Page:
Wildlife officials in Florida have known for a while that Burmese pythons have been eating their way through the Everglades, but the study of one particular snake has surprised them with the extent of that appetite: The 15-foot female had eaten three white-tailed deer in the 90 days before her capture, reports Live Science. Researchers found the remains of an adult doe and two fawns in the snake's intestines, they report in Bioinvasions Record. (They titled the report "Supersize Me.") That's a relatively short time for a snake to put down three big meals, notes study co-author Scott Boback. "If a python is capable of eating three deer in three months," he marvels, then it clearly raises serious questions about the pythons' impact on the Everglades ecosystem. "We don't even know how many of them are out there."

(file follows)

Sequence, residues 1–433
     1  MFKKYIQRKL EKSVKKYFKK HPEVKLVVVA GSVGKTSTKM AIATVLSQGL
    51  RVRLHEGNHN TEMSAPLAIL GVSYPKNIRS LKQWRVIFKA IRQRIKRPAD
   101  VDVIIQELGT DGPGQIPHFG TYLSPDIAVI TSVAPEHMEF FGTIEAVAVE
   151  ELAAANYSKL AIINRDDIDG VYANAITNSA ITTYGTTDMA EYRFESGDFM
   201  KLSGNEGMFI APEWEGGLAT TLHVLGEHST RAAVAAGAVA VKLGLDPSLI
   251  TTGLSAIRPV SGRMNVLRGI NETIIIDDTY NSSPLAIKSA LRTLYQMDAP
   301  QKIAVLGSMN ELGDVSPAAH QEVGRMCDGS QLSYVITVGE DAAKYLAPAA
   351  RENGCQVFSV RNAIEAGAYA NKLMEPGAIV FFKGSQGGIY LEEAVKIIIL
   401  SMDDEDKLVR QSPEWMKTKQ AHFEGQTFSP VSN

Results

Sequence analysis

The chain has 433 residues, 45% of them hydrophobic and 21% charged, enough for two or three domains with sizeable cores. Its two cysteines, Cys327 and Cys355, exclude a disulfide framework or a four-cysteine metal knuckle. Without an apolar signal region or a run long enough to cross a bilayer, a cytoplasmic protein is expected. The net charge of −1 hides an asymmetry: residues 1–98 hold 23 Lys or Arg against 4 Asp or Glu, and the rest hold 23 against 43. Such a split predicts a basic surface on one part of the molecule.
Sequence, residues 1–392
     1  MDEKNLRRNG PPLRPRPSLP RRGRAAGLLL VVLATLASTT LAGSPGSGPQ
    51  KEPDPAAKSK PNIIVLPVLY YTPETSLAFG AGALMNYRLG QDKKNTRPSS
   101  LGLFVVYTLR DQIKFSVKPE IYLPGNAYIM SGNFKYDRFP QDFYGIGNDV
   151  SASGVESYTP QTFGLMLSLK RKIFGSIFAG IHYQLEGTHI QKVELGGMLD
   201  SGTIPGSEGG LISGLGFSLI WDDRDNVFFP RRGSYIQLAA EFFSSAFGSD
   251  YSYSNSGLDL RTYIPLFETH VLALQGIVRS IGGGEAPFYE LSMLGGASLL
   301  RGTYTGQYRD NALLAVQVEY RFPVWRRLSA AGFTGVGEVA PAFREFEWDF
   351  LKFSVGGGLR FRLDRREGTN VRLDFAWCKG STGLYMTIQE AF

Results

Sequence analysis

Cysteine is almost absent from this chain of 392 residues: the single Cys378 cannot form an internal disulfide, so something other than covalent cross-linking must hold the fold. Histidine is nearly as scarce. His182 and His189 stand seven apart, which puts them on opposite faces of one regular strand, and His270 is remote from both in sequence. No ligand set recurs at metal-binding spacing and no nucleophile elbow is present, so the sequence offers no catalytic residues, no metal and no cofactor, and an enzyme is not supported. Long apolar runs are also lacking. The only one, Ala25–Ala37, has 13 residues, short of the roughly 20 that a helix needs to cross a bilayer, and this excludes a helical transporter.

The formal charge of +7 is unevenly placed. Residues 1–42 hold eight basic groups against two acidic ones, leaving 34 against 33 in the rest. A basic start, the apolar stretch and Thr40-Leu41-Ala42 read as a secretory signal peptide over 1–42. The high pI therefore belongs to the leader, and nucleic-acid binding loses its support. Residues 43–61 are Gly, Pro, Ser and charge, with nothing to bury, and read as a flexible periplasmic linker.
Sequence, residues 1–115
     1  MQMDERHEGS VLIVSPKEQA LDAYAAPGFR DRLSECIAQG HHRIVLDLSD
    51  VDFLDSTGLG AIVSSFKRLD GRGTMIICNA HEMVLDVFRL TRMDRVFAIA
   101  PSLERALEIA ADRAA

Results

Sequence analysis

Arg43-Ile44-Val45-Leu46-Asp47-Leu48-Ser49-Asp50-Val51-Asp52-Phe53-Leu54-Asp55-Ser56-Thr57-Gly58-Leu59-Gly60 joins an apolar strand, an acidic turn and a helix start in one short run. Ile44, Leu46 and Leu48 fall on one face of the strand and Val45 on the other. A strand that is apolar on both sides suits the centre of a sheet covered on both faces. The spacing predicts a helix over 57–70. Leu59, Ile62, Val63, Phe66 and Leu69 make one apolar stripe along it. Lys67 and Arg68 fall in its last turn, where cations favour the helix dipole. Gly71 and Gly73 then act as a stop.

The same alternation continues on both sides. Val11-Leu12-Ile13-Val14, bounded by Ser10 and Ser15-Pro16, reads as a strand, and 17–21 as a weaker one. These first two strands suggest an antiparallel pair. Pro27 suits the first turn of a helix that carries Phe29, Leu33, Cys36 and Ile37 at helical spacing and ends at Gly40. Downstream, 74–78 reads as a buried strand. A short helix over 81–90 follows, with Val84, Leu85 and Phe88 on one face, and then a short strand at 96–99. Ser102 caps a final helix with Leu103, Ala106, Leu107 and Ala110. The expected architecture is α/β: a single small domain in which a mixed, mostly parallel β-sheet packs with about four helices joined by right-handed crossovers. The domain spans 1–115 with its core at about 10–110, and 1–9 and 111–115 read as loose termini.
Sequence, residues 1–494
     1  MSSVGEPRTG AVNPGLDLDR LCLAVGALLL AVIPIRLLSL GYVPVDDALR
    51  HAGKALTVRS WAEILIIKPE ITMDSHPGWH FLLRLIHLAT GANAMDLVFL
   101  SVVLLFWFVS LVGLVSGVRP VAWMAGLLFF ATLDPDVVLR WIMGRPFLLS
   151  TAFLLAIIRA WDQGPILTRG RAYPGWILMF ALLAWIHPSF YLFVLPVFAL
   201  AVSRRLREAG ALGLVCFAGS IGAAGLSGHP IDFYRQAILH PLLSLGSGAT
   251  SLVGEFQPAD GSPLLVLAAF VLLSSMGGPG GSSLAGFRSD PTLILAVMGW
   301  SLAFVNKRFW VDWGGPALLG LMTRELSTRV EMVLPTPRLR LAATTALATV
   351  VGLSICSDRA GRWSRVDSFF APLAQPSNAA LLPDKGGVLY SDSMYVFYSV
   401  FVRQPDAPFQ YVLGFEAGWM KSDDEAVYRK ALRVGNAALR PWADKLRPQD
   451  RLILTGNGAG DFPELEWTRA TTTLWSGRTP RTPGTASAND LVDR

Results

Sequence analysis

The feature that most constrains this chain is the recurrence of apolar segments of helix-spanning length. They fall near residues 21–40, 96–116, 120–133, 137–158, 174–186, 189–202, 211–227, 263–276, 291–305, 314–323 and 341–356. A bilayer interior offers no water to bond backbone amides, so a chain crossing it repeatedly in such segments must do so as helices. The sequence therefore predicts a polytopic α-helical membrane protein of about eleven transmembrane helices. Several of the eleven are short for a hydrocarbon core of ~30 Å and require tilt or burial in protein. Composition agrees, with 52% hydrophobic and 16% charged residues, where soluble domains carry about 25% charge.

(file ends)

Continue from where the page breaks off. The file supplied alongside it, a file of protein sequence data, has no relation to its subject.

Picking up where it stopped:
What scientists do know is that ever since the Burmese python first surfaced in the area in the 1980s—the reason is unclear, but careless pet owners are generally blamed—the population numbers of raccoons, rabbits, foxes, and other mammals have plummeted. “All these studies are putting together a story that we just can’t ignore anymore,” Boback tells Vox, which takes a more in-depth look at the implications of the python invasion. As to how a python can take down a deer, this video via Naples News of a Florida hunter rescuing a deer in mid-strangle might provide an idea. And Floridians outside the Everglades will likely be unhappy to hear that the snakes appear to be expanding their territory to the Florida Keys and western Palm Beach County, reports the Orlando Sentinel. (State wildlife officials are fighting back with the "Python Challenge.")